If you’re an entrepreneur pitching to investors, chances are you’ve already shed a little bit of metaphorical blood to get what you want during a capital raise. You may watch reality TV shows like ABC’s ‘Shark Tank’ and think, “If only I could pitch to those guys.” Reality TV doesn’t always reflect the real world—it rarely does—but there are still lessons from Shark Tank that can be valuable to you as an entrepreneur or even an investor.
While counter-intuitive in the animal kingdom, in the business world, what a bleeding company needs to stay alive is a shark. Debuting in the fall of 2009, Shark Tank became a quick hit by featuring idealistic entrepreneurs proffering various innovations and negotiating on-air with celebrity investors whose rejections are often quick and brutal. The four-time Emmy-winning show is innovative within the reality TV market and certainly has no shortage of drama.
It’s not always easy to spot the winners and losers, however, because the high stakes world of venture investing is fraught with complexities. Is the entrepreneur who scores an investment, but then loses a portion of their equity and a level of control really a winner? Is someone really a loser if they don’t score a deal, even if they attract enough attention from the show to land other investors? Its entertainment value is indisputable, but is Shark Tank investing realistic? Is what we see on “Shark Tank” representative of how VC investors and entrepreneurs negotiate?
Each episode of “Shark Tank” introduces three to four business owners who make a pitch in front of a panel of five potential investors. The panel varies, and includes the likes of Dallas Mavericks owner Mark Cuban, real estate mogul Barbara Corcoran and, at times, celebrities like Richard Branson and Alex Rodriguez. Contestants pitch their businesses, state how much equity they are willing to give up in exchange for an investment, and take questions from the panel. If any of the investors are interested, they’ll make an offer. The entrepreneurs must decide on the spot to accept the offer, decline or negotiate for a better deal.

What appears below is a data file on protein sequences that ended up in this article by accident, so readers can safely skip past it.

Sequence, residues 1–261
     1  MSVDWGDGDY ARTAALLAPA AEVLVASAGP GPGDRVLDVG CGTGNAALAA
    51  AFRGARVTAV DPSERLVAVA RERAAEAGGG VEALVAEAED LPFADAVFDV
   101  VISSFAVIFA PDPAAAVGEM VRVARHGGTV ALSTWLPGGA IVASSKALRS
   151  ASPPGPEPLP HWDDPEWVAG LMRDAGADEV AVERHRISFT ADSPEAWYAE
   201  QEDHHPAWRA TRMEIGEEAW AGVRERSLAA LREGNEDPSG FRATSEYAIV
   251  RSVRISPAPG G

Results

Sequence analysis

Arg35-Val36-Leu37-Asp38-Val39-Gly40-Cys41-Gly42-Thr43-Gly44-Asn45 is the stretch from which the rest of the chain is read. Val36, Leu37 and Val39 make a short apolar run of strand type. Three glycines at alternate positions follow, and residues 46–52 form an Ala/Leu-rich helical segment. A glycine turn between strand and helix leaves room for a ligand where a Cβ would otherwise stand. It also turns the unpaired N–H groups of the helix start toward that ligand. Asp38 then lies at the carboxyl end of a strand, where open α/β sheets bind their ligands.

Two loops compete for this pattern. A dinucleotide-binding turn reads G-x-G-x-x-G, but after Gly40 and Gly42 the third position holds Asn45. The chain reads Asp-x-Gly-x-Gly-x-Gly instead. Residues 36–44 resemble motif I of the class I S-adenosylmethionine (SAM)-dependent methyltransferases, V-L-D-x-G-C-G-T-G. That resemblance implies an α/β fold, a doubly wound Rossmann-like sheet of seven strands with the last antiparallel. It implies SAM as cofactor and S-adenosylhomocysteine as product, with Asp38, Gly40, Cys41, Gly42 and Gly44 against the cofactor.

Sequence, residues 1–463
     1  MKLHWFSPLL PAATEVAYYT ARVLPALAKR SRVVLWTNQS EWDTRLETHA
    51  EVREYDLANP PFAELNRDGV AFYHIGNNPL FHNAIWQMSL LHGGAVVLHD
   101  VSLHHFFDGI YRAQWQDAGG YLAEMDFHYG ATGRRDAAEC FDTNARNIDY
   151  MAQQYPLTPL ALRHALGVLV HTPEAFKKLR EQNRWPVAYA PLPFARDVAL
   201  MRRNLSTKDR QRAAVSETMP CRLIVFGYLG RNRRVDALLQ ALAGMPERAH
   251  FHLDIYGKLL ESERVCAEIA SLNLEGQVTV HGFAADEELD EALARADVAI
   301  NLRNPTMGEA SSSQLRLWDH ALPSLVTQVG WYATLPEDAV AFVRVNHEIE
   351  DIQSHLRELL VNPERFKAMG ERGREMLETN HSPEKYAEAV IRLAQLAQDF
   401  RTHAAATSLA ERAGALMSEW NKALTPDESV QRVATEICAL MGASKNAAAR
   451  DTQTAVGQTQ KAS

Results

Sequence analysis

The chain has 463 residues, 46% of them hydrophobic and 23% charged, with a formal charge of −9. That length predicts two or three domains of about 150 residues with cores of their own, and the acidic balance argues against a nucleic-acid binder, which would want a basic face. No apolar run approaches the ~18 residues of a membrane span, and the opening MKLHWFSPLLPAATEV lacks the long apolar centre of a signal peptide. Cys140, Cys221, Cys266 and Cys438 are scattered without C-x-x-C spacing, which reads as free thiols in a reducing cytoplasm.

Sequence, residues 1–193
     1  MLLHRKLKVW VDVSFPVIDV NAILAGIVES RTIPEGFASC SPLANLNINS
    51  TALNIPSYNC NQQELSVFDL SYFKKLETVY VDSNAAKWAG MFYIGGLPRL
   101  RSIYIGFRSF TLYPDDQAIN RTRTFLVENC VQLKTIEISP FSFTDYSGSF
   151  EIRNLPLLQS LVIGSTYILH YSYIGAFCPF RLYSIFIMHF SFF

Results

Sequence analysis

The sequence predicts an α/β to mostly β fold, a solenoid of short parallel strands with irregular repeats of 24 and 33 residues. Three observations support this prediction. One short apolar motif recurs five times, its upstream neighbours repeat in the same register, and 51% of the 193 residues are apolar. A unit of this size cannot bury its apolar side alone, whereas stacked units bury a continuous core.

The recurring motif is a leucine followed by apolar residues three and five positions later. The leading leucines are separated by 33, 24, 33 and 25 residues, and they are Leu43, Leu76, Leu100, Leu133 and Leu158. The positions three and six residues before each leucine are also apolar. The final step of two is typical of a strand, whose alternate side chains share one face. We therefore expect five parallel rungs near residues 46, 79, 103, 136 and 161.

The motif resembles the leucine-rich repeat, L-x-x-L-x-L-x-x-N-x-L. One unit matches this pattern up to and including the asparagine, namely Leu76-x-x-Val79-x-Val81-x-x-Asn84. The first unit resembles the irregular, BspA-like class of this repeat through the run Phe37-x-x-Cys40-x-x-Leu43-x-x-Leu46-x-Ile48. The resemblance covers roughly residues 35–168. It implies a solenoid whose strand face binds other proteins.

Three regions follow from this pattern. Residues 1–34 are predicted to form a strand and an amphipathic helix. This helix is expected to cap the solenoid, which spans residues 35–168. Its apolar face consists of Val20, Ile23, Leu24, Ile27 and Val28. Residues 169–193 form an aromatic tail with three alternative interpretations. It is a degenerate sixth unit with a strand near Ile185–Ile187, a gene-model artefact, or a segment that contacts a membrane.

Without a doubt, the high-pressure deal making is exaggerated for TV. In reality, Shark Tank captures the essence of deal-making, but the overall format is fudged for entertainment. Jim Taylor of the Florida Small Business Development Center at USF describes it this way:
“Rarely do billionaires and decamillionaires listen to business presentations from what are essentially tiny businesses. Mark Cuban is worth approximately $2.5 billion dollars in net worth. Assuming that he earns a conservative 6 percent a year on his net worth, Cuban earns or grows his net worth by $150 million a year. The chances of a business startup getting in front of a billionaire for a $150,000 investment just doesn’t make mathematical sense.”
Each week, the Sharks ask questions that capital-seeking entrepreneurs would face in reality. Sharks inquire about valuations, margins, sales, revenues, the business model and the owner’s experience. In short, the Sharks evaluate each business pitch the same way a venture capitalist or angel investor would even if she or he weren’t holding court for an audience of millions.
And therein lies the rub. Because it does hold high entertainment value, it’s easy to dismiss the show as schlock TV and ignore lessons from Shark Tank deals. But reality TV investing actually parallels the scrutiny that entrepreneurs and their products face when pitching to investors.
One of the ways Shark Tank digresses from real-world pitching is how the Sharks negotiate. Pitching to investors is a private affair, and it’s not as cutthroat or competitive among investors as entrepreneurs might hope. Eric Quanstrom from Pipeliner CRM said, “No VC I’ve ever met wants to conduct a pitch meeting in conjunction with another VC.”